In Tackla where I spent some of my time, this also was the case. I could never identify with the saying “You will never miss the water until the well runs dry” until I went there. You may wonder when our summer begins. Well, it starts in May when our temperatures soar to 70 – 80 degrees [Fahrenheit] and ends in September. Then, from September to May is winter, when the temperature drops very low, very often to 60 degrees below zero and sometimes lower. This year our temperature dropped to 62 degrees below zero for three days and it was then, I longed for those balmy Shannon Breezes.
Of course, village life is village life all over the world. One finds the same feuds, jealousies, misunderstandings and forgiveness, people are very close to each other. If there is a fight in a particular home everyone knows about it, then, of course, on the other hand if a family runs short of meat or fish, – which is their main diet, the whole village comes to the rescue. Whenever a moose or bear or beaver are shot, the Sisters are given the choicest part of the animal to eat. Many times I was given a beaver tail, which to the Indian is regarded as a real delicacy and after a struggle, the first couple of times eating it, I developed a taste for it, and in fact I miss my delicacy since my return to Ireland.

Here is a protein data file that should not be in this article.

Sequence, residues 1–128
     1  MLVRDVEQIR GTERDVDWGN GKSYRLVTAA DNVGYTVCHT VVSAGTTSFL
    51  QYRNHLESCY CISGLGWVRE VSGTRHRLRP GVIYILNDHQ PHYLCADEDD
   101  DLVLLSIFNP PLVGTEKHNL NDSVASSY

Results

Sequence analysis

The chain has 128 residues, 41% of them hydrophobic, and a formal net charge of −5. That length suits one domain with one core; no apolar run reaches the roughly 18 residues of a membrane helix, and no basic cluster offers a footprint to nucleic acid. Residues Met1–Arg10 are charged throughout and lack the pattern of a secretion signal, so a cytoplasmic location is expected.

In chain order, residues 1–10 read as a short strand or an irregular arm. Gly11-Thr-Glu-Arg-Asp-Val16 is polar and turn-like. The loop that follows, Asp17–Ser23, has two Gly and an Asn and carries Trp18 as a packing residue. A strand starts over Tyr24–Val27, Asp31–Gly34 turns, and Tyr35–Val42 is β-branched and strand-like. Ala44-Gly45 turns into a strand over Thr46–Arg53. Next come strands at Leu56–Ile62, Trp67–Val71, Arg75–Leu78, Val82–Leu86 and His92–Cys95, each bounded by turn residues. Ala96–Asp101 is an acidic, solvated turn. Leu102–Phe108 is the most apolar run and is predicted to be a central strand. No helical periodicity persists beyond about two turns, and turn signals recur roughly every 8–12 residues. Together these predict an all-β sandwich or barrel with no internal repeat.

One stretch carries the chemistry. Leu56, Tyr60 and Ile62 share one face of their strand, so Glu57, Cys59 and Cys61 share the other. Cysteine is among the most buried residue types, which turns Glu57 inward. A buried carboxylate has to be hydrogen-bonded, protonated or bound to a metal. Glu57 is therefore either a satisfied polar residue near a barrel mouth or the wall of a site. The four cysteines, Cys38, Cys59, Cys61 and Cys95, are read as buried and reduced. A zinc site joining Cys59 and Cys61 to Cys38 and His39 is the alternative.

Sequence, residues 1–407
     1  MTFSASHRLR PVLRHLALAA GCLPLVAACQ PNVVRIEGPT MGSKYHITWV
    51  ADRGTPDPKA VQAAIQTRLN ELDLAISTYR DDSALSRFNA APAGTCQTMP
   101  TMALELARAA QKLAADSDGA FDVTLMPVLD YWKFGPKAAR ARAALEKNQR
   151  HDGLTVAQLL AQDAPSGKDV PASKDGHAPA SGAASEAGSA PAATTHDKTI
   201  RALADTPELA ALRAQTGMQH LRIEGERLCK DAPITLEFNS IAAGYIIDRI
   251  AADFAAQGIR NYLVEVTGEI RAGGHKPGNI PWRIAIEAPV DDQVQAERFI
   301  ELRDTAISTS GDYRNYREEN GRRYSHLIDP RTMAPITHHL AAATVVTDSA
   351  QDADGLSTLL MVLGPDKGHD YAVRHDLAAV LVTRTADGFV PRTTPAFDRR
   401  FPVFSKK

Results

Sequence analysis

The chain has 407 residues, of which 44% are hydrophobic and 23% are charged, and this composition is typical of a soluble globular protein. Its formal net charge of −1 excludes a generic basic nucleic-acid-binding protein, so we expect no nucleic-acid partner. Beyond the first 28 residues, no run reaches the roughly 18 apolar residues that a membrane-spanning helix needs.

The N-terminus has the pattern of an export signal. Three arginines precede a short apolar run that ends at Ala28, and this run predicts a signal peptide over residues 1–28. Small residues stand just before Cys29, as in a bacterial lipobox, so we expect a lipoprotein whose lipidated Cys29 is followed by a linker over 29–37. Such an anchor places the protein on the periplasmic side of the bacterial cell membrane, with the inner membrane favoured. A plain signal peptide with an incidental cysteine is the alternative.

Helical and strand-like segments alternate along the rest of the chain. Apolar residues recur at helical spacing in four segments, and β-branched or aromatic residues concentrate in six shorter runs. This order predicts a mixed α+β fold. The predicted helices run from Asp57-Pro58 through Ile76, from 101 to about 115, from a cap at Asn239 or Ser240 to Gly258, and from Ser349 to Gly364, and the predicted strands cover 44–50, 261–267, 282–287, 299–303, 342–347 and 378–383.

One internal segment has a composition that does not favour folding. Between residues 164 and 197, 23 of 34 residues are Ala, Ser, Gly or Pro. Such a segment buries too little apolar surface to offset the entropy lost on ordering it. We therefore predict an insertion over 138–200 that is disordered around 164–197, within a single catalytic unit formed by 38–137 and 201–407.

I can see many up-turned noses as you read this, but please try eating it, if you are ever ‘deep in Canadian Woods’. As the Indians say, “it sure is nice”.
I will end with the following poem by a Canadian poet, George Clark. It is called Looking Backwards and speaks for me.
“Looking Backwards” by George Clark